Facelift and rhinoplasty together can be lengthy.

{{ voteCount >= 0 ? '+' + (voteCount + 1) : (voteCount + 1) }}

Thank you for your question.


Having a surgery that long at a hospital is good.  Yes, surgery like this can take that long.  If you are worried, you can have the surgeries done separately. You can also ask to be observed in the hospital overnight to make sure that you recover as planned without any surprises.

Discuss these possibilites with your surgeon.  I hope this helps.

J. Jason Wendel, MD, FACS
Nashville Plastic Surgeon
5.0 out of 5 stars 221 reviews

9 Hours too long?

{{ voteCount >= 0 ? '+' + (voteCount + 1) : (voteCount + 1) }}

I personally limit my preoperative estimate to 5-6 hours. If more time is required, I break the procedures up into seperate sessions staged at a reasonable time apart. Many of the most serious complications have resulted from procedures that took more than six hours. Though length of time may vary from one surgeon to the next, I would have questions about a procedure taking much longer than average.

Nine Hours Under General Anessthesia

{{ voteCount >= 0 ? '+' + (voteCount + 1) : (voteCount + 1) }}

I am not concerned about 9 hours of general anesthesia when administered by an experienced specialist, but I don't understand why these procedures will take so long unless there are extenuating circumstances.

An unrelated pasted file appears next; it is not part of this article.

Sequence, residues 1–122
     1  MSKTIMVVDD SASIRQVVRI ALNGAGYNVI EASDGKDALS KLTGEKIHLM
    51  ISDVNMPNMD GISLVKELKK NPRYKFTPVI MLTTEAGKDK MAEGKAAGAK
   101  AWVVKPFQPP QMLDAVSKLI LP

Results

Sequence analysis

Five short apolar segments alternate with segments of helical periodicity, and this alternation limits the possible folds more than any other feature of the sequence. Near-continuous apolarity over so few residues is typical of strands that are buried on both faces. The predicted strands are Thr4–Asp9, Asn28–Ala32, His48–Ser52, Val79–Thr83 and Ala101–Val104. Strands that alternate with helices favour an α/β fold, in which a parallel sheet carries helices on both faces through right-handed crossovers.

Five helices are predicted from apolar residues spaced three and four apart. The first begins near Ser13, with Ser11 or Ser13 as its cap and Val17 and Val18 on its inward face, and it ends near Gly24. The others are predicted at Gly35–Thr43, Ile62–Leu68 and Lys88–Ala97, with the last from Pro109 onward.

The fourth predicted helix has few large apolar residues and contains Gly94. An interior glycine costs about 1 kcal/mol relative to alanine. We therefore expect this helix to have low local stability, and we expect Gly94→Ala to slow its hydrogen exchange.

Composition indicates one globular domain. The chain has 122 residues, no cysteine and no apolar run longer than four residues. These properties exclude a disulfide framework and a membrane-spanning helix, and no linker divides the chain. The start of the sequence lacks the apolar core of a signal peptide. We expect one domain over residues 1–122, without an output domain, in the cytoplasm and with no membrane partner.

Richard W. Fleming, MD
Beverly Hills Facial Plastic Surgeon
4.9 out of 5 stars 43 reviews

Surgery duration and safety

{{ voteCount >= 0 ? '+' + (voteCount + 1) : (voteCount + 1) }}

This a difficult question. I agree  with most of the back and forth arguments in this forum. My only concern here is what if the surgery lasted 10 or 12 hours. Are you still going to be safe. Can he/ she guarantee the surgery will finish in 9 hours.

Moneer Jaibaji, MD
San Diego Plastic Surgeon

9 hours of anesthesia for nose and face lift

{{ voteCount >= 0 ? '+' + (voteCount + 1) : (voteCount + 1) }}

A nose revision and full facelift takes 5possibly 6 hours normally.  It is safe to have 9 hours of anesthesia but that is way too long. 

Toby Mayer, MD
Beverly Hills Facial Plastic Surgeon
4.8 out of 5 stars 38 reviews

Revision rhinoplasty and facelift

{{ voteCount >= 0 ? '+' + (voteCount + 1) : (voteCount + 1) }}
Nine hours is a long time to be under general anesthesia for cosmetic surgery. You are young for a facelift so I would wonder what the surgeon proposes which would result in so long a procedure. Whenever the anesthesia time exceeds 5.5-6 hours, there is a documented increase in complications no matter how skilled the surgeon and anesthesiologist. I agree that, as a surgeon, you simply get tired past a certain point and it is important to recognize one's own limits and to create an operative setting with which both the patient and surgeon are comfortable.

These answers are for educational purposes and should not be relied upon as a substitute for medical advice you may receive from your physician. If you have a medical emergency, please call 911. These answers do not constitute or initiate a patient/doctor relationship.